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August 16, 2016

52 Million MT of Cargo Ships To Be Scrapped, Is Trucking Next?

The Wall Street Journal reports that about 1,000 ships that have the combined capacity to haul 52 million metric tons of cargo will be dragged onto beaches, cut into pieces and sold for scrap metal this year. This is second only to the record amount of capacity of 61 million so-called dead weight tons that were scrapped and recycled in 2012.
The global economic slowdown is putting shipping through its most bruising period since the 2008 financial crisis. Companies including Maersk Line, a unit of Danish conglomerate A.P. Møller Maersk A/S, Germany’s Hapag-Lloyd AG and China Cosco Bulk Shipping Co. have 30% more capacity in the water than cargo. As the companies, mostly based in Europe and Asia, fight for bigger shares of the global market, freight rates have dropped so low they barely cover fuel costs.
In the five years through 2015, owners ordered an average of 1,450 ships annually. This year orders through July fell to 293 vessels, or 11.6 million tons, according to U.K. marine data provider Vessels Value.
“Freight rates are dismal,” says Anil Sharma, president and chief executive of U.S.-based Global Marketing Systems, the world’s largest cash buyer of ships for recycling. “So you either idle ships, if you can afford it, or recycle.”
Mr. Sharma said the typical age for recycling a ship is 30 years. This year the average age of ships getting scrapped is about 15 years.
The overcapacity problem has been exacerbated by China’s slowing economy and anemic growth in Europe. Last year, Chinese imports from the European Union fell nearly 14%; Chinese exports to Europe were down 3% in the period. In this year’s first quarter, Chinese imports from the EU fell 7% from a year earlier, a decline matched by exports to Europe.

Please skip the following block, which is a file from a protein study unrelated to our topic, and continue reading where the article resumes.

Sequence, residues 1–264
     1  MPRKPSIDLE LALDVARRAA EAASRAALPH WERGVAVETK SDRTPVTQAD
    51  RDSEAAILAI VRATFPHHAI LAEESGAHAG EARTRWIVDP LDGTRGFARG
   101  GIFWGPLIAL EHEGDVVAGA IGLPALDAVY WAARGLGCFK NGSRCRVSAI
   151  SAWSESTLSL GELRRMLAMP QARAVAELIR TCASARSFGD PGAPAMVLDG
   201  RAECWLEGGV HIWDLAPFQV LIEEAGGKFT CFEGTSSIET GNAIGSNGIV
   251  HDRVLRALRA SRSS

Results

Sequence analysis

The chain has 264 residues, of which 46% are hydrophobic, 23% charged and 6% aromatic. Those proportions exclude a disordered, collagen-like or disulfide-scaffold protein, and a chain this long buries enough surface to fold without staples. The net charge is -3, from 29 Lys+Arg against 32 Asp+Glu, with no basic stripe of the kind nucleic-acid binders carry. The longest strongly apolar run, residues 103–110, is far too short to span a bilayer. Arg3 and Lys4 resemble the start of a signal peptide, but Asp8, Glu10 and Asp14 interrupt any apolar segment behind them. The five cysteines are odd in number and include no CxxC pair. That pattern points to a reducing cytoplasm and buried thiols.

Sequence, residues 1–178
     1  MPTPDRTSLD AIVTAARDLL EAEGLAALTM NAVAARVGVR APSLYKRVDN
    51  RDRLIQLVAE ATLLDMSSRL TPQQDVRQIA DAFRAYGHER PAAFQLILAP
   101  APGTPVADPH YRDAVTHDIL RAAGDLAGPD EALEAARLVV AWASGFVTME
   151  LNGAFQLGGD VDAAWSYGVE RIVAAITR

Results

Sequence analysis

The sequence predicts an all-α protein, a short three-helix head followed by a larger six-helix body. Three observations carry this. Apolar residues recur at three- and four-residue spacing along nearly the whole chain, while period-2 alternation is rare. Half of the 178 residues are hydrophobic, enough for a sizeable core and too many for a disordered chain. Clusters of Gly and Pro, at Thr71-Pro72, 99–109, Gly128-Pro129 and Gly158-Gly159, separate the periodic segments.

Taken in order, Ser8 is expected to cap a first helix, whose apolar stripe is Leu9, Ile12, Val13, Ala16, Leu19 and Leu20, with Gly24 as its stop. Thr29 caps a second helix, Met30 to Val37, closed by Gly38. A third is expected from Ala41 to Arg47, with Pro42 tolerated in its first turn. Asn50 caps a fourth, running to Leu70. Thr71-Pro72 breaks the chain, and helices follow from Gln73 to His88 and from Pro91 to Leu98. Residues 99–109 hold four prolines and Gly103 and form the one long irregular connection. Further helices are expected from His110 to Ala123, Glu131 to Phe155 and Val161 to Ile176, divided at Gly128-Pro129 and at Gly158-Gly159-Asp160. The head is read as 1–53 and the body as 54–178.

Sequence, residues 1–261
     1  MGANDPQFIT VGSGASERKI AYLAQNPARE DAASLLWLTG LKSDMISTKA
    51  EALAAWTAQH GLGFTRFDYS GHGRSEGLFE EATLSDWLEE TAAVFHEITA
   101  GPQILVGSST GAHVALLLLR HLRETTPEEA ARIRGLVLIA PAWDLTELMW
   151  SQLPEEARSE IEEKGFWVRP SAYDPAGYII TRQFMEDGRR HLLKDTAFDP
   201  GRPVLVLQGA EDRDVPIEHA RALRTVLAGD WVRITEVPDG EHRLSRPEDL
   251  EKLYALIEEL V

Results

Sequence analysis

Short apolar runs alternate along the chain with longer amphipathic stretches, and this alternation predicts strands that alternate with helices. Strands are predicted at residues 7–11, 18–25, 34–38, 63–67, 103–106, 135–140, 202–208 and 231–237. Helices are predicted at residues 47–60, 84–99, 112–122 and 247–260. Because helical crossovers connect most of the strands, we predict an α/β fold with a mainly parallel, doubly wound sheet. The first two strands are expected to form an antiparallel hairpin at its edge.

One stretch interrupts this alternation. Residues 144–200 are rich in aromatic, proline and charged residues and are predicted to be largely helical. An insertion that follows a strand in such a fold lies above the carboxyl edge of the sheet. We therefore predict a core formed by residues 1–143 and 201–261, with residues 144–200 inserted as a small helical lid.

In the past, recycling a ship has typically generated about one-quarter of the price of a new vessel of the same type and size. But owners say a sharp drop in the price of steel has cut the rate of return to an average of 10% to 15% of the price of a new ship.
Two years ago, in India, Pakistan and Bangladesh were paying about $460 a ton of steel. Last year it was $300 and it is now roughly $250, shipowners say. Officials at the Alang scrapyard—one of the world’s biggest, on India’s West Coast—said prices were likely to stay low through the rest of the year, as China is flooding the market with recycled steel.
Braemar ACM expects about 550 dry-bulk ships to be recycled this year, 29% more than last year and 48% more than in 2014. About 170 container ships are likely to be scrapped this year, compared with 85 last year and 164 in 2014. The scrapping of other ship types, such tankers, car carriers, general cargo ships and fishing boats, bring the year’s total to about 1,000 vessels.
Sold for Scrap

Ships Ordered

Trucking Next
Shipping is peanuts compared to the revolution in trucking that’s on the horizon.
Here are some stats from the Federal Motor Carrier Safety Administration.
  • The maximum average work week for truck drivers is 70 hours
  • Truck drivers who reach the maximum 70 hours of driving within a week can resume if they rest for 34 consecutive hours, including at least two nights when their body clock demands sleep the most – from 1-5 a.m.
  • Truck drivers are requited to take a 30-minute break during the first eight hours of a shift.
  • Truckers have an 11-hour daily driving limit and 14-hour work day.
Key Ideas
  1. The daily driving limit is 11 hours maximum. The average is likely less, lets call it 10.
  2. Autonomous trucks will not have any limit. With driverless long-haul trucks, capacity will rise by at least 100% and perhaps as much as 140%.
  3. A massive amount of trucking capacity is on the horizon.
  4. Truck ship rates will collapse.
  5. The independent truckers will go out of business, unable to afford retrofit costs and unable to compete with the big trucking companies if they don’t.
The Fed will get a big boost in productivity. Will the Fed like the result?
Courtesy Mish's Global Economic Trend Analysis (EconMatters author archive here)
The views and opinions expressed herein are the author's own, and do not necessarily reflect those of EconMatters.

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